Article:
All in all though, I’d have to say that once the players become more sophisticated, we may in fact see some attacks against us that might work. Albeit those attacks will not be the “Cyber Pearl Harbor” that Dr. Cyberlove would like you to be afraid of. Politically too, there will be blowback from the Middle East now. I am sure that even after Wikileaks cables dump, the governments of the Med thought at least they could foresee what the US was up to and have a modicum of statecraft occur. Now though, I think we have pissed in the pool a bit too much and only have ourselves to blame with the shit hits the fan and we don’t have that many friends any more to rely on.

It’s a delicate balance.. #shutupeugene

Pandora’s Box Has Been Opened:

In the end, we have opened Pandora’s box and there is no way to get that which has escaped back into it. We have given the weapon framework away due to the nature of the carrier. Even if Gauss is encrypted, it will be broken and then what? Unlike traditional weapons that destroy themselves, the malware we have sent can be easily reverse engineered. It will give ideas to those wishing to create better versions and they will be turned on us in targeted and wide fashions to wreak as much digital havoc as possible. Unfortunately, you and I my friends are the collateral damage here, as we all depend on the systems that these types of malware insert themselves into and manipulate.

It is certainly evident as I stated above, our government here in the US is unable to come up with reasonable means to protect our systems. Systems that they do not own, Hell, the internet itself is not a government run or owned entity either, and yet they want to have an executive ability to shut it down? This alone shows you the problem of their thinking processes. They then decide to open the box and release the malware genie anyway… It’s all kind of scary when you think about it. If this is hard to concieve, lets put it in terms of biological weapons.. Weapons systems that have been banned since Nixon was in office.

The allusion should be quite easy to understand. Especially since malware was originally termed “Virus” There is a direct analogy there. Anyway, here’s the crux of it all. Just like bioweapons, digital “bioware” for lack of a better term, also cannot be controlled once let into the environment. Things mutate, whether at the hand of people or systems, things will not be contained within the intended victims. They will escape (as did all the malware we have seen) and will tend to have unforeseen consequences. God forbid we start really working on polymorphics again huh? If the circumstances are right, then, we could have a problem.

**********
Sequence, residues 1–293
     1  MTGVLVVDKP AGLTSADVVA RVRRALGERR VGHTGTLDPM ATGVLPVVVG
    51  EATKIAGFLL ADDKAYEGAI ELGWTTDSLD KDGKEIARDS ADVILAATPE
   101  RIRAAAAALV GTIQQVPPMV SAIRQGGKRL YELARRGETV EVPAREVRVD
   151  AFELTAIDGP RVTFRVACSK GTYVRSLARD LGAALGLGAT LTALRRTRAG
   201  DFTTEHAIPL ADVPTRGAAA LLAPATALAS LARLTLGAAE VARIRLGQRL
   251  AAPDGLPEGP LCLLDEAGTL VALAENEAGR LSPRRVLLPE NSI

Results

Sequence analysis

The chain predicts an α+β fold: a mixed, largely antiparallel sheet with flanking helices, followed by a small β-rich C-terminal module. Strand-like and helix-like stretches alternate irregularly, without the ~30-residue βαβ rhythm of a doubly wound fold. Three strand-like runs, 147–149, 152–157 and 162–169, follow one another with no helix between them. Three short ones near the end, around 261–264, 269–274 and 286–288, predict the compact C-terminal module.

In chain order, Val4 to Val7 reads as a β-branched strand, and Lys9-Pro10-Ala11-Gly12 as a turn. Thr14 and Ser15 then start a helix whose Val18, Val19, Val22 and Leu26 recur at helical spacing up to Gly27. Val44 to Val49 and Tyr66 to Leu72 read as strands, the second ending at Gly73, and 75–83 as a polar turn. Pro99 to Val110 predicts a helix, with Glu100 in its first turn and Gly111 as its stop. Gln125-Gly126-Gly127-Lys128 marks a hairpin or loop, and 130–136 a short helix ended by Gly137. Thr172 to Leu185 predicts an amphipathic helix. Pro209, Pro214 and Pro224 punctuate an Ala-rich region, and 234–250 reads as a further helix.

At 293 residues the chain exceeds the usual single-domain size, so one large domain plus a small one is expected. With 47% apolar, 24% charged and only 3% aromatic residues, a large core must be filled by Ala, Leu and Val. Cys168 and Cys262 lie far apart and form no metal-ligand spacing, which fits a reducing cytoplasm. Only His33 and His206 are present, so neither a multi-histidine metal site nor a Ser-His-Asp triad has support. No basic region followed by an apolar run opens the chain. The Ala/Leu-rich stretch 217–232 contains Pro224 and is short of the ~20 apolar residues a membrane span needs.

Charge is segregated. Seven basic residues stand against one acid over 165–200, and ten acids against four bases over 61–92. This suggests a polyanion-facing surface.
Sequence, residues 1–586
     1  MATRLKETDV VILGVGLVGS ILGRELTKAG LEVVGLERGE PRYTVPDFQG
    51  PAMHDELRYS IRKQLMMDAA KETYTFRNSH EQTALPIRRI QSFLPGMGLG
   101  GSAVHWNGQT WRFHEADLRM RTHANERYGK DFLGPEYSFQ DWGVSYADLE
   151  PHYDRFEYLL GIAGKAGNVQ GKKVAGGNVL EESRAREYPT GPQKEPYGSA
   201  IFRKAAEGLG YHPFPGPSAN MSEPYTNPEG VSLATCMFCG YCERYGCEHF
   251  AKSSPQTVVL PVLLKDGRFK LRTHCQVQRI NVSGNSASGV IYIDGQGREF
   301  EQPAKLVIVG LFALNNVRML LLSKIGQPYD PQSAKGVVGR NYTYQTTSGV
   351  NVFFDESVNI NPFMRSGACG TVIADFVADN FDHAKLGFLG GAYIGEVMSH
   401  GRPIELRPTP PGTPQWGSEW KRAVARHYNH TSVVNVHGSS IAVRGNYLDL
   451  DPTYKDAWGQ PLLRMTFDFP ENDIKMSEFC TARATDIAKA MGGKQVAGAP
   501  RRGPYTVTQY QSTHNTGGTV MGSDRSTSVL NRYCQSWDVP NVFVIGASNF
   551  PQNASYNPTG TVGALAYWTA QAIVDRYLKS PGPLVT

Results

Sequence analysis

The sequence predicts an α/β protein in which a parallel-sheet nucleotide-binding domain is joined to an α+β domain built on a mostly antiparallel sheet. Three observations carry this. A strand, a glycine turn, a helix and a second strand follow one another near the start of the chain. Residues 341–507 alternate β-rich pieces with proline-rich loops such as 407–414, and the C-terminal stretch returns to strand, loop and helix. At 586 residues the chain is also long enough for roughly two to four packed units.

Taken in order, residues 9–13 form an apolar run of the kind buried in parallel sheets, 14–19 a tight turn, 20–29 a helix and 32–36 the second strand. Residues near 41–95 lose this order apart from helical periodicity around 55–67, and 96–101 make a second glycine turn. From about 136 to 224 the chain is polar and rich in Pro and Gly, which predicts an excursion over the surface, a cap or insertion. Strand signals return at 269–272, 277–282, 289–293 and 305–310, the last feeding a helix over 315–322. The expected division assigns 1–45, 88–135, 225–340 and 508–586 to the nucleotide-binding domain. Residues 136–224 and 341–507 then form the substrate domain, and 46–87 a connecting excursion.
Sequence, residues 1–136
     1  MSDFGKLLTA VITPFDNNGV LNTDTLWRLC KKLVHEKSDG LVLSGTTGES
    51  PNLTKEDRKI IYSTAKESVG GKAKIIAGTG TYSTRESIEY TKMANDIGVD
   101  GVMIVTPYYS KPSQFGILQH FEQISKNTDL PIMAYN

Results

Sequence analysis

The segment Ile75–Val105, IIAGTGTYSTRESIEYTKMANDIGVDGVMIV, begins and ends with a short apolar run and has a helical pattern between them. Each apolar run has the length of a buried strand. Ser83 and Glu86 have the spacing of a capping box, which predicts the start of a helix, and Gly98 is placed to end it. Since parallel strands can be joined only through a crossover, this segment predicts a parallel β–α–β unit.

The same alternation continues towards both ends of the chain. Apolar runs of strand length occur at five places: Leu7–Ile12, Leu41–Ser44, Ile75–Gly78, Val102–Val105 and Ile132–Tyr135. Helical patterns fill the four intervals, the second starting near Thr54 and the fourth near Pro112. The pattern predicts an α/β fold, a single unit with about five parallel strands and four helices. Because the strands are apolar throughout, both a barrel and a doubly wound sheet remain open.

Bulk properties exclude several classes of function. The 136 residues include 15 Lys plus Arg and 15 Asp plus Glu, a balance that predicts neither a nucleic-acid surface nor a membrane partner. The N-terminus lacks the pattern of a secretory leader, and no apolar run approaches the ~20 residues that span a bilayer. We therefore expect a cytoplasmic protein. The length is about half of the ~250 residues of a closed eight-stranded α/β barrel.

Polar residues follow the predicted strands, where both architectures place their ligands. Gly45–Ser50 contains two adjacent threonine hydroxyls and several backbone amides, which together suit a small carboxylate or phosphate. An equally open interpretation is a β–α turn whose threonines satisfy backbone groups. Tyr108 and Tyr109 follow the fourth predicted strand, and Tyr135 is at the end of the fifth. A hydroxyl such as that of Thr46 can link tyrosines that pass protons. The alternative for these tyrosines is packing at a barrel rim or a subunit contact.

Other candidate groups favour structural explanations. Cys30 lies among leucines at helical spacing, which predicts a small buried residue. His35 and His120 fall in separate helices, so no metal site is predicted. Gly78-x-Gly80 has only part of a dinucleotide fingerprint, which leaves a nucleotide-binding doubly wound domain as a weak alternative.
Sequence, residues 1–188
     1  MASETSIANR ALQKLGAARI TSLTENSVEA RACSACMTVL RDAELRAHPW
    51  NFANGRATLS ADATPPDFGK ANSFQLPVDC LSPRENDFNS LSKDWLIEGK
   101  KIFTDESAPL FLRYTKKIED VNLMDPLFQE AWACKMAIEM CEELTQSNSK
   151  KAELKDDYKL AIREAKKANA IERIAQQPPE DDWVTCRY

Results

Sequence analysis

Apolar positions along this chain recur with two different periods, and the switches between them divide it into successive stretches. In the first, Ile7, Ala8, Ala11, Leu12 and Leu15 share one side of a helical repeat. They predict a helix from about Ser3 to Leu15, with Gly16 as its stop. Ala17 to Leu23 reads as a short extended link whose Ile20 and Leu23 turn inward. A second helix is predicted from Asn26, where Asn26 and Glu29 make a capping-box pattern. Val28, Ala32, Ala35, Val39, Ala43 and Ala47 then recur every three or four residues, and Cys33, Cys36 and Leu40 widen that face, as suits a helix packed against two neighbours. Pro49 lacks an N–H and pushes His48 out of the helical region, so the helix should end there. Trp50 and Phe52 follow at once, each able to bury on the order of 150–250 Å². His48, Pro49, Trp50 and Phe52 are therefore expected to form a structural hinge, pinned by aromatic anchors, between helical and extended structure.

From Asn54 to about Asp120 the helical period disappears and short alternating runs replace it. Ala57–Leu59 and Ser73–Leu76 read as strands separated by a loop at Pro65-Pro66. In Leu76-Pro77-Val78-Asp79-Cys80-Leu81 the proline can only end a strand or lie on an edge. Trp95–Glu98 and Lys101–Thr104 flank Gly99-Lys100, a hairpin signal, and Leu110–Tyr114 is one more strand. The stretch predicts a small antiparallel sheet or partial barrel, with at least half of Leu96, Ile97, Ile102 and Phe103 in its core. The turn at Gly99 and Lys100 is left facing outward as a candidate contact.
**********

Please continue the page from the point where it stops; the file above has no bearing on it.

Will we eventually have to have another treaty ban on malware of this kind?

Time will tell.. Until then, we all will just be along for the cyberwar ride I guess. We seem to be steadily marching toward the “cyberwar” everyone is talking about… determined really to prosecute it… But will it get us anywhere?

K.

The Hezbullah Cyber Army: War In HYPERSPACE!

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WAR! in HYPERSPACE: The Cyber Jihad!

A day or so ago, a story came out and made the rounds on the INFOSEC-O-Sphere about the Hezbullah Cyber Army The story, which was cub titled “Iranian Terror” was titled  “Iranian Cyber-Jihadi Cells in America plot Destruction on the Net and in Reality” Which, would get all our collective attentions right? The story goes on to tell about the newly formed Cyber Army that will be waging all out war on the US and others in “Hyperspace”

Yes, that’s right, you read that correctly.. This guy Abbasi is either trying to be clever, or, this is some bad translation. Sooo… Hyperspace it is! Well, I have a new tag line for him…

“In hyperspace.. No one can hear you giggle”

At any rate, the whole idea of a Cyber Jihad or a Cyber Hizbullah is a notion that should not just be sloughed off as rhetoric. I do think that if the VEVAK are involved (and they would want a hand in this I am sure) they could in fact get some real talent and reign in the ranks to do some real damage down the road a piece I think. So, while I may be a little tongue in cheek here at the start of this post, I want you all to consider our current threatscape (*cough* SCADA etc) and consider the amount of nuisance they could be if they made a concerted effort with the likes of the HCARMY.